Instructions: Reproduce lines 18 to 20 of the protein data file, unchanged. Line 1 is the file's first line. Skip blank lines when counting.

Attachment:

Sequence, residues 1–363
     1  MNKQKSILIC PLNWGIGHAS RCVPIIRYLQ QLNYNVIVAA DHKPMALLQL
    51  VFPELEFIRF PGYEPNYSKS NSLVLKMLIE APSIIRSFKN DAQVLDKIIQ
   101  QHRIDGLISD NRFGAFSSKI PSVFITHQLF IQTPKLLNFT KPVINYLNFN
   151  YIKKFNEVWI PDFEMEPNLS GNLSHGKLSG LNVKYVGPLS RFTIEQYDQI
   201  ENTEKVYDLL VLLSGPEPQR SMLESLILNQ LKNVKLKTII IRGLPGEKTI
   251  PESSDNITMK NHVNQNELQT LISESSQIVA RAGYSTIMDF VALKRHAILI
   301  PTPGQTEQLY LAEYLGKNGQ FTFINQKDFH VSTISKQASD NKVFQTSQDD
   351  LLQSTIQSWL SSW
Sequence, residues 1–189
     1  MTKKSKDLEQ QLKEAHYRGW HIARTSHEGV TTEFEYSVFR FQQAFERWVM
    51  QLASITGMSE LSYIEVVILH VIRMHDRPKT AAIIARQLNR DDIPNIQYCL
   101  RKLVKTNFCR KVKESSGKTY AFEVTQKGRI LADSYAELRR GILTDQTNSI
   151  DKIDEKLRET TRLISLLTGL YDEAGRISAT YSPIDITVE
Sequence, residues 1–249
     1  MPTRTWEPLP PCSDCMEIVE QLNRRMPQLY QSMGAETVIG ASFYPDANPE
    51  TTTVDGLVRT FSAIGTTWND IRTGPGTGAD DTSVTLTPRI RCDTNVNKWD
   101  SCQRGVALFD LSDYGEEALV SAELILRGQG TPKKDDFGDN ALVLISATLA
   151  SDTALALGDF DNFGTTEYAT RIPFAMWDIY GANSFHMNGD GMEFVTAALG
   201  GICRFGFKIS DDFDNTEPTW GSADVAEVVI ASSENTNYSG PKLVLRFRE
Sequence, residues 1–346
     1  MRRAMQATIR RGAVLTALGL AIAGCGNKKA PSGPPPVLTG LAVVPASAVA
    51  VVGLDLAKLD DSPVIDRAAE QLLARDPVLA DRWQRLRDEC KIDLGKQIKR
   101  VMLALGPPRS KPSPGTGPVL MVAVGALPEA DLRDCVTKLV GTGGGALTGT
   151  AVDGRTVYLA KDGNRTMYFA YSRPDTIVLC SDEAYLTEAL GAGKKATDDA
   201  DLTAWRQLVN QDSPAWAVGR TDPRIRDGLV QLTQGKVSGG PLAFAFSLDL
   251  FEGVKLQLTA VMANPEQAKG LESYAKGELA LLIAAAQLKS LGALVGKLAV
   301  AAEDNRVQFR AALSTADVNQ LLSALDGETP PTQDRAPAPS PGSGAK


   101  SCQRGVALFD LSDYGEEALV SAELILRGQG TPKKDDFGDN ALVLISATLA
   151  SDTALALGDF DNFGTTEYAT RIPFAMWDIY GANSFHMNGD GMEFVTAALG
   201  GICRFGFKIS DDFDNTEPTW GSADVAEVVI ASSENTNYSG PKLVLRFRE